Counting 3,384 Big Data & Machine Learning Frameworks, Toolsets, and Examples...
Suggestion? Feedback? Tweet @stkim1

Author
Contributors
Last Commit
Dec. 14, 2018
Created
Jun. 4, 2018

Pixyz: A library for developing deep generative models

logo

Python Version Pytorch Version Read the Docs

What is Pixyz?

Pixyz is a high-level deep generative models framework, based on PyTorch. It is developed with a focus on enabling easy implementation of various deep generative models.

Recently, many papers about deep generative models have been published. However, its reproduction becomes a hard task, for both specialists and practitioners, because such recent models become more complex and there are no unified tools that bridge mathematical formulation of them and implementation. The vision of our library is to enable both specialists and practitioners to implement such complex deep generative models by just as if writing the formulas provided in these papers.

Our library supports following typical deep generative models.

  • Explicit models (likelihood-based)
    • variational autoencoders (variational inference)
    • flow-based models
  • Implicit models
    • generative adversarial networks

Using Pixyz, you can implement these different models in the same framework and in combination with each other.

The overview of Pixyz is as follows. Each API will be discussed below. overview

Note: since this library is under development, there are possibilities to have many bugs.

Installation

$ git clone https://github.com/masa-su/pixyz.git
$ pip install -e pixyz --process-dependency-links

Quick Start

So now, let's create a deep generative model with Pixyz!

Here, we consider to implement a variational auto-encoder (VAE) which is one of the most well-known deep generative models. VAE is composed of a inference model q(z|x) and a generative model p(x,z)=p(x|z)p(z), which are defined by DNNs, and this objective function is as follows.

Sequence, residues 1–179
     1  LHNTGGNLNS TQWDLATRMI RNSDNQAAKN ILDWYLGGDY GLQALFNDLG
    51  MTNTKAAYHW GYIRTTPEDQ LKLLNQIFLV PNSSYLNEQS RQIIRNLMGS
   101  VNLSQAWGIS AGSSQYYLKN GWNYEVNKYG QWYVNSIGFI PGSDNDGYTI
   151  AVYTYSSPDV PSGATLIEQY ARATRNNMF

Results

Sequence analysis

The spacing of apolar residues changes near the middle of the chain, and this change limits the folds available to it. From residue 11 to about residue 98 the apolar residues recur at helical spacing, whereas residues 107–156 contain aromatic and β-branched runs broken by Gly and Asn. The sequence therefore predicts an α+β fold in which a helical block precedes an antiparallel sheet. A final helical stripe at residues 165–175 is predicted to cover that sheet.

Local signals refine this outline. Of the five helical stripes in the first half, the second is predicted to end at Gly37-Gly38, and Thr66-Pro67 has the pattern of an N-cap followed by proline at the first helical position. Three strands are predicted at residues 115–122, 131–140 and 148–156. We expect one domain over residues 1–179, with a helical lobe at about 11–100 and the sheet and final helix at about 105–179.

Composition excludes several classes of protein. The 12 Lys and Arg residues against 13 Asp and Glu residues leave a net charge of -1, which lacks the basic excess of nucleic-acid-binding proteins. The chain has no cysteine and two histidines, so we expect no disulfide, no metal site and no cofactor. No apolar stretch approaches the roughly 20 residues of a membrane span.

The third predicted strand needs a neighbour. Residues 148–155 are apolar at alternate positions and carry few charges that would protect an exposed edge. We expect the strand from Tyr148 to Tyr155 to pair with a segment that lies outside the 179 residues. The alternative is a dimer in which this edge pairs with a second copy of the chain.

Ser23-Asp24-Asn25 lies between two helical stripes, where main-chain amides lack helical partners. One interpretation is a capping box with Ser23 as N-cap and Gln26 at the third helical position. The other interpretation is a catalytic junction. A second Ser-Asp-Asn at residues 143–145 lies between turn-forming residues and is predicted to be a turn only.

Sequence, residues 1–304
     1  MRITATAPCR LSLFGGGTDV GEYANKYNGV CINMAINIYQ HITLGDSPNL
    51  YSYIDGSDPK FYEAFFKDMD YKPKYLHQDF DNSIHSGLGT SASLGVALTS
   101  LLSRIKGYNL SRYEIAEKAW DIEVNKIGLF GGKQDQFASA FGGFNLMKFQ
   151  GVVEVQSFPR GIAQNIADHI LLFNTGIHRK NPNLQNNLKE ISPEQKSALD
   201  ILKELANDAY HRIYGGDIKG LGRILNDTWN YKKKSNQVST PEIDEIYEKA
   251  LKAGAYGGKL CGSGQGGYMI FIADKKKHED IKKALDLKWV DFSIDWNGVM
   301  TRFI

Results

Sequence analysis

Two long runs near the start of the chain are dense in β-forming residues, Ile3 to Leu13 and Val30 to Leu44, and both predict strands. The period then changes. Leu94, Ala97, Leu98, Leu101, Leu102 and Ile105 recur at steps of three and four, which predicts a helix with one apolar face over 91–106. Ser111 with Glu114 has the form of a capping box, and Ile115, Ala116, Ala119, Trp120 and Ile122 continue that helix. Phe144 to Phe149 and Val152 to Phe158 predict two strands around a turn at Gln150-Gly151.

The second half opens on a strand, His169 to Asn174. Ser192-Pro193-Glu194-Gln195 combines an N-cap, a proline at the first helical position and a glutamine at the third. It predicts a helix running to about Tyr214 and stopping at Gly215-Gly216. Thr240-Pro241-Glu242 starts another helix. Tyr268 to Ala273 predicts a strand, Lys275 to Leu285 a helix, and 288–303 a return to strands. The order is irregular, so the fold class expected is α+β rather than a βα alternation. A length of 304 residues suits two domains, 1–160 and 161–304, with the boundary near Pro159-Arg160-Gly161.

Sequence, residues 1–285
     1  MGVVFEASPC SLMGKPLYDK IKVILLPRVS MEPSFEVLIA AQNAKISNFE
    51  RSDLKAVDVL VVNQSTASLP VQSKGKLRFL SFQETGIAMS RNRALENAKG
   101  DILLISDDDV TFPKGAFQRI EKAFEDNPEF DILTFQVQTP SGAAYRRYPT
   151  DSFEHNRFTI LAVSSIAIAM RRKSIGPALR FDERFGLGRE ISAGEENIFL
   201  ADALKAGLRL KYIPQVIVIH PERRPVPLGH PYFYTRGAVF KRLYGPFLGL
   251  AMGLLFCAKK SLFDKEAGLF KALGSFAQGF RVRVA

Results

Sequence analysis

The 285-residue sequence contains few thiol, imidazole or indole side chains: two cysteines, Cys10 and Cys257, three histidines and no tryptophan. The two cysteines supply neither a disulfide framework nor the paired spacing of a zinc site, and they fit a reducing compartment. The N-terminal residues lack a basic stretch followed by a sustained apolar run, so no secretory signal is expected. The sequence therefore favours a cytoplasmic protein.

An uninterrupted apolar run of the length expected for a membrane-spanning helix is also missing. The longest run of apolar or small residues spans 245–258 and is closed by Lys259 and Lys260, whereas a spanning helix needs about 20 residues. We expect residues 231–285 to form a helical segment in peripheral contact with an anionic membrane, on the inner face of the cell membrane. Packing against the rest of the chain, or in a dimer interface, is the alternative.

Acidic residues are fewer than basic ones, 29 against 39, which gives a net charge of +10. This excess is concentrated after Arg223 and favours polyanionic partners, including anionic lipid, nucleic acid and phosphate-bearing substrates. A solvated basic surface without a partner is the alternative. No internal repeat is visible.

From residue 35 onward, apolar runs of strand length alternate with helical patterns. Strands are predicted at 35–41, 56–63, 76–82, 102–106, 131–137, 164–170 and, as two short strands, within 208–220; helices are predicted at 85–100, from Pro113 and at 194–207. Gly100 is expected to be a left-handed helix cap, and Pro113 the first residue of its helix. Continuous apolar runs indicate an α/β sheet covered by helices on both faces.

(1)

1. Define the distributions

First, we need to define two distributions (q(z|x), p(x|z)) with DNNs. In Pixyz, you can do this by implementing DNN architectures just as you do in PyTorch. The main difference is that we should write a class which inherits the pixyz.distributions.* class (Distribution API), not the torch.nn.Module class.

For example, p(x|z) (Bernoulli) and q(z|x) (normal) can be defined as follows.

from pixyz.distributions import Bernoulli, Normal
# inference model (encoder) q(z|x)
class Inference(Normal):
    def __init__(self):
        super(Inference, self).__init__(cond_var=["x"], var=["z"], name="q")  # var: variables of this distribution, cond_var: coditional variables.

        self.fc1 = nn.Linear(784, 512)
        self.fc2 = nn.Linear(512, 512)
        self.fc31 = nn.Linear(512, 64)
        self.fc32 = nn.Linear(512, 64)

    def forward(self, x):  # the name of this argument should be same as cond_var.
        h = F.relu(self.fc1(x))
        h = F.relu(self.fc2(h))
        return {"loc": self.fc31(h), "scale": F.softplus(self.fc32(h))}  # return paramaters of the normal distribution

    
# generative model (decoder) p(x|z)    
class Generator(Bernoulli):
    def __init__(self):
        super(Generator, self).__init__(cond_var=["z"], var=["x"], name="p")

        self.fc1 = nn.Linear(64, 512)
        self.fc2 = nn.Linear(512, 512)
        self.fc3 = nn.Linear(512, 128)